Sheridan Kennedy: Lucky to live on the Goulburn River
Peer up into the trees lining the Goulburn River and you might spot a kingfisher, a kookaburra or even a koala. But along one particular stretch, you could come across a very different creature nestled amongst the leaves: 16-year-old Sheridan Kennedy, a student at Seymour High School.
“I’ve spent countless hours sitting in one of my many favourite trees – reading novels, sleeping, singing a tune that’s stuck in my head,” says Sheridan, who lives on a farm fronting the Goulburn River, between Nagambie and the Goulburn Wier. “It’s so peaceful. It sounds dramatic, but my life wouldn’t be the same without the river.”
A fledgling writer, Sheridan has penned short stories and poems from this scenic vantage point (and sometimes, with the best intentions, hauled her homework up there too). The Goulburn has also been the site of many excursions with family and friends – fishing, swimming, camping, canoeing, waterskiing, rafting or just lying on the riverbank, watching the clouds roll by overhead.
A recent tribute she penned in the branches of a willow tree sums up what the Goulburn means to Sheridan: “I don’t know how many breathtaking sunsets I’ve enjoyed while skiing on the glass-like water, canoeing through the reeds and bird-boxes, or just lying in my hammock,” she writes.
“The best place I can possibly imagine waking up is in my swag, listening to the kookaburras and watching our family of Brolgas, who live in the lagoon that feeds off the river.”
Everyone at Sheridan’s school knows there’s a drought, she says, but some are more water-wise than others. Gather ten of her friends together under a cloudy sky, and you can tell who grew up in the country: “The kids who live in town will say ‘Uh-oh, I hope it doesn’t rain…’. But the kids living on farms will say ‘Rain! Come on, please – rain!’”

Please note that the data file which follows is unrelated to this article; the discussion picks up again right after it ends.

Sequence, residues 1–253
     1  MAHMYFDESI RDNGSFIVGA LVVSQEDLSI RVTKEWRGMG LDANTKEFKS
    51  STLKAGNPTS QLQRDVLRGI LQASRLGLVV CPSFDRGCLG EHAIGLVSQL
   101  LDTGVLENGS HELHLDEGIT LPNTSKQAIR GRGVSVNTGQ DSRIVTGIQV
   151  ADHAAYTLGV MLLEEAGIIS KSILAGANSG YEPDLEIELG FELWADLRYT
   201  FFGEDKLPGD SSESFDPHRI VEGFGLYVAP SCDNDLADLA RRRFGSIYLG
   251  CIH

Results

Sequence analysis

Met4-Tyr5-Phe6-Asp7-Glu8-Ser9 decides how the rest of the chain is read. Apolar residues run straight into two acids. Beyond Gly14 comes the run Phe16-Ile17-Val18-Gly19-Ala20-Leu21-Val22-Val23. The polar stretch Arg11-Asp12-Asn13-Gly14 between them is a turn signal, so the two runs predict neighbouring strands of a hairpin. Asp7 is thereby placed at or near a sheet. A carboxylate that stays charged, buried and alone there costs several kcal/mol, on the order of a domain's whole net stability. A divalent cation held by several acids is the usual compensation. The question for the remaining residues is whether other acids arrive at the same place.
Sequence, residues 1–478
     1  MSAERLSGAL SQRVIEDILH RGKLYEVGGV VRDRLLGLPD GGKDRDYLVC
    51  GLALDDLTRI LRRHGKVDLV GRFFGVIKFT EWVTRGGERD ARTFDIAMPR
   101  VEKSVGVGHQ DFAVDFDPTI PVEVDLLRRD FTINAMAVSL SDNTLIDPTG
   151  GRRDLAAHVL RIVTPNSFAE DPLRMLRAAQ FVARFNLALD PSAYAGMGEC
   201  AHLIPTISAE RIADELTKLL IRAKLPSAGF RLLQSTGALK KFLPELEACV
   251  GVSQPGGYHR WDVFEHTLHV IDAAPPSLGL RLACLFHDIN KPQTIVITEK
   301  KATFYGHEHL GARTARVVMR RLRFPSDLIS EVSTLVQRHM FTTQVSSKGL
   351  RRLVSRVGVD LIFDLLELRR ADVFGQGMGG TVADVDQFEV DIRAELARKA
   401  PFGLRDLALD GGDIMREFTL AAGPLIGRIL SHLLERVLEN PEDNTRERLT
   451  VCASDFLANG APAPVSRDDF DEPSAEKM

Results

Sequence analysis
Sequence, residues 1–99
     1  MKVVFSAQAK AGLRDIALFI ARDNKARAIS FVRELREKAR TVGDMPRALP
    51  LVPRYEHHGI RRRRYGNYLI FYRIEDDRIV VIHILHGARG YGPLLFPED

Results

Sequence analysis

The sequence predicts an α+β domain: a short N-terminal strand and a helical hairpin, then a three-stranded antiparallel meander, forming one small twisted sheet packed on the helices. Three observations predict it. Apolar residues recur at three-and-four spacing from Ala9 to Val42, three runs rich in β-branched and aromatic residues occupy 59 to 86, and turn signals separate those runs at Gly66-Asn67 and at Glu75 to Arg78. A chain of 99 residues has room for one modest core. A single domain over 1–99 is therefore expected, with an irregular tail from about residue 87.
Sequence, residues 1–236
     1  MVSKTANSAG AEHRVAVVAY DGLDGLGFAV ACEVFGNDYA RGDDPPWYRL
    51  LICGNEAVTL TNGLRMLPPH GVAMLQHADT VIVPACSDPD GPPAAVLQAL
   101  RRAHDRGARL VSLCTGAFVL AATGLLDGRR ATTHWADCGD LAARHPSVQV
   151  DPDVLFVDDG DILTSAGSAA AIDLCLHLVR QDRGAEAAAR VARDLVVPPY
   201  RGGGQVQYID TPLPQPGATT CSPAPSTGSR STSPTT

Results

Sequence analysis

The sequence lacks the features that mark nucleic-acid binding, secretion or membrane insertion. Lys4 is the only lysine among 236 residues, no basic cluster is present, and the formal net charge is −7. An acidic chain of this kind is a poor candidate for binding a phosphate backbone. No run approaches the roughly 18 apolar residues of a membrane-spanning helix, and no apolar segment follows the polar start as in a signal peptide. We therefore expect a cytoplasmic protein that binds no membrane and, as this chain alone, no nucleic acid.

Rural living teaches you how precious water is. When you’re helping your dad rescue stranded sheep from the sticky mud of dried-out dams, you can’t help thinking about the effects of the drought on both livelihoods and the fragile ecosystem. Over the past few years Sheridan has taken a hands-on approach to river health, helping to plant native trees along Sevens Creek, which flows into the Goulburn, and joining a 2005 student delegation to Canberra as part of Oz GREEN’s “MYRiveR Murray” project.
“There were about 25 kids from all around Australia,” she recalls. “We spent five days together, talking about river health and what different communities were doing to help.” The group then presented findings and an action plan to parliament: “It was a bit nerve-wracking! But it was fun – and they listened to us.”
Sheridan counts herself lucky to live on the Goulburn: “Sometimes I feel almost selfish for living here when so many Aussies are crammed onto little boxes in the big smoke.” No-one, she adds, sums it up better than the character Darryl Kerrigan from classic Australian film The Castle: “Ahh, the serenity… You just can’t beat it!”
Story by Meg Mundell, 2007.
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